Indonesia has expanded nationwide curbs as daily covid deaths rocketed and locals turn to a “miracle cure” that health officials have warned against.
Indonesia expanded nationwide curbs to battle its deadliest Covid-19 wave yet, as the daily death toll rocketed past 1000 and the government warned the worst may be yet to come.
The world’s fourth most populous nation has reported a record 34,379 new infections and 1040 deaths – as much as 10 times the daily mortality rate less than a month ago.
Many overwhelmed hospitals are refusing new patients, leaving scores to die at home, while cemetery workers race to bury the soaring number of bodies.
Australia said it would send emergency medical equipment and about 2.5 million AstraZeneca vaccine doses to Indonesia.
It comes as Indonesians are ignoring health warnings to stock up on a “miracle cure” for Covid-19 as the out-of-control virus surge sweeps the country.
Pharmacies across the country are running out of ivermectin, an oral treatment normally used to treat lice and other parasitic infections, thanks in part to viral social media posts touting its potential as a coronavirus treatment.
“Those who come bring a screenshot showing that ivermectin … could cure Covid,” said Yoyon, head of a pharmaceutical sales group at a market in the capital Jakarta, who like many Indonesians goes by one name.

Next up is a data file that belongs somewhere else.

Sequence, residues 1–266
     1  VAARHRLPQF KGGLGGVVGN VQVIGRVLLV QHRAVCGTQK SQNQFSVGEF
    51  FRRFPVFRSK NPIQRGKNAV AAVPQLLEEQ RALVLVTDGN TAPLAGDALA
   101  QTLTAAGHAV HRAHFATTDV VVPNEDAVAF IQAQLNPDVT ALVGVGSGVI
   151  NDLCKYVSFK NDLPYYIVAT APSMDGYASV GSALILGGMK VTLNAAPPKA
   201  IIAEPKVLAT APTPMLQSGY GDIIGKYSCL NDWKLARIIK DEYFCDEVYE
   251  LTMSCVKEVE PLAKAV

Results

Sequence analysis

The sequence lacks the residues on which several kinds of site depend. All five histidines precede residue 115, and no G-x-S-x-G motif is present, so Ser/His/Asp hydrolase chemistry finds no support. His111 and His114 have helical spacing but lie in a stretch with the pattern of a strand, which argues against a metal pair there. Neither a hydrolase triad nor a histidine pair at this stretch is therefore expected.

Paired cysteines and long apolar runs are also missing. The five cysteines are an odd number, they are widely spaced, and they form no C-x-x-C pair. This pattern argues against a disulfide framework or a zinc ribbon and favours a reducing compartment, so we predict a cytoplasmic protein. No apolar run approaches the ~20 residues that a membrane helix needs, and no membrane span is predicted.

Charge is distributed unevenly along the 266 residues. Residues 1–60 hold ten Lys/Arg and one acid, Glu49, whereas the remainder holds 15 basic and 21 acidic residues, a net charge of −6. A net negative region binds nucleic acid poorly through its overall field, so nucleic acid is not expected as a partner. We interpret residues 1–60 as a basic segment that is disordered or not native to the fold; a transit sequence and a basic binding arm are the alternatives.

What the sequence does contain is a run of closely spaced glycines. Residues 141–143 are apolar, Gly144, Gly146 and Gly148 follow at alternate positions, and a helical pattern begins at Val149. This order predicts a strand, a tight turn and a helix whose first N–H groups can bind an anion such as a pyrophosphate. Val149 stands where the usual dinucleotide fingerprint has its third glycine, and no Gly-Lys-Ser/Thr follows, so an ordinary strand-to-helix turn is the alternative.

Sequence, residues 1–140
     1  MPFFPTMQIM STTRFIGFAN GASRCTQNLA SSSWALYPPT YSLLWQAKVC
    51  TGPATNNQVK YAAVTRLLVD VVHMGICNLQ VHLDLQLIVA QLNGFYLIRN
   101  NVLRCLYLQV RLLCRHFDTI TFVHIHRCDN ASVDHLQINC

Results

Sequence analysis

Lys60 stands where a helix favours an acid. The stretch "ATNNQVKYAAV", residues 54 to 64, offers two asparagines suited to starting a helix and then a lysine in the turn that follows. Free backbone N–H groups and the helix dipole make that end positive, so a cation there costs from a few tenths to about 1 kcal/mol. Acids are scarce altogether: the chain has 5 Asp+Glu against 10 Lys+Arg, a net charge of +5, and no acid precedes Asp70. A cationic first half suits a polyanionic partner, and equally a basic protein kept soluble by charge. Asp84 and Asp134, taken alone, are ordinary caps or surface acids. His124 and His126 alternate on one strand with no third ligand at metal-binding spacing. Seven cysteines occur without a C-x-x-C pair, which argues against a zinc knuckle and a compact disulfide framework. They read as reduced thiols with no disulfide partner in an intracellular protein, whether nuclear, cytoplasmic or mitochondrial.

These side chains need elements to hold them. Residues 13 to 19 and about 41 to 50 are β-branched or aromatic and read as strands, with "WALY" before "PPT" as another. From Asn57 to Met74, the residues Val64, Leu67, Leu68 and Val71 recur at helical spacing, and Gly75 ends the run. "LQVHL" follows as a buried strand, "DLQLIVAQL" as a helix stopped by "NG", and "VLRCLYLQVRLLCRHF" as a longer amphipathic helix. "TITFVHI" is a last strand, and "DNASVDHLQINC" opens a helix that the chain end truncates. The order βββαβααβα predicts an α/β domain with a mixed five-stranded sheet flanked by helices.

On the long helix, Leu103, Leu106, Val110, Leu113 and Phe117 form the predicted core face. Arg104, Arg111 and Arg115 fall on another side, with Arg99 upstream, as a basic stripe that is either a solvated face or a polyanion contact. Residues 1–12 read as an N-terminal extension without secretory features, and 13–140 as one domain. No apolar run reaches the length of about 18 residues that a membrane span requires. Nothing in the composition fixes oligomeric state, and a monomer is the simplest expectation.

He said the shortage had pushed the price of the drug up from around 175,000 to 300,000 rupiah ($12-$21) a bottle.
“We are out of supplies at the moment after many people came to buy it,” he added.
Fuelled by anti-vaccine and pandemic conspiracy theories online, there has been a surge in demand for the drug from Brazil to South Africa to Lebanon.
But manufacturer Merck has said there was “no scientific basis for a potential therapeutic effect against Covid-19” and warned of possible safety issues if the drug is administered inappropriately.
Scientists, the World Health Organisation, and several drug regulators – including Indonesia’s own – have also stressed there is a lack of credible evidence to show it works against Covid-19.
Indonesian tycoon and government minister Erick Thohir has praised ivermectin and urged domestic production to fight the current outbreak.
A former owner of Italian football champions Inter Milan and a shareholder of the Philadelphia 76ers basketball franchise, Thohir recently suggested that state-owned drug giant Indofarma could produce up to four million ivermectin tablets a month.
In the Philippines, President Rodrigo Duterte has pressured regulators to approve the drug as a Covid treatment.
“There are a lot of credible people … who swear by their fathers’ grave that ivermectin is doing good to their bodies while they are suffering from Covid,” Duterte recently told the chief of the country’s drug regulator.
Meanwhile, new covid restrictions have been announced that will apply to dozens of cities and extend from Sumatra island in the west to easternmost Papua, as the highly infectious Delta variant rips across the Southeast Asian archipelago.